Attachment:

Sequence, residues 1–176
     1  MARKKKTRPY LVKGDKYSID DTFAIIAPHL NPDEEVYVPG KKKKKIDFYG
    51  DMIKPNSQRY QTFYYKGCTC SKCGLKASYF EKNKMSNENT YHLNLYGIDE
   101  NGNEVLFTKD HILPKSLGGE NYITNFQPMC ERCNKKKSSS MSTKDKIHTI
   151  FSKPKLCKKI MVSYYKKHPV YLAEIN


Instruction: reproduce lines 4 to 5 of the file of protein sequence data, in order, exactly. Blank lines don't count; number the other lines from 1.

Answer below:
   101  NGNEVLFTKD HILPKSLGGE NYITNFQPMC ERCNKKKSSS MSTKDKIHTI
   151  FSKPKLCKKI MVSYYKKHPV YLAEIN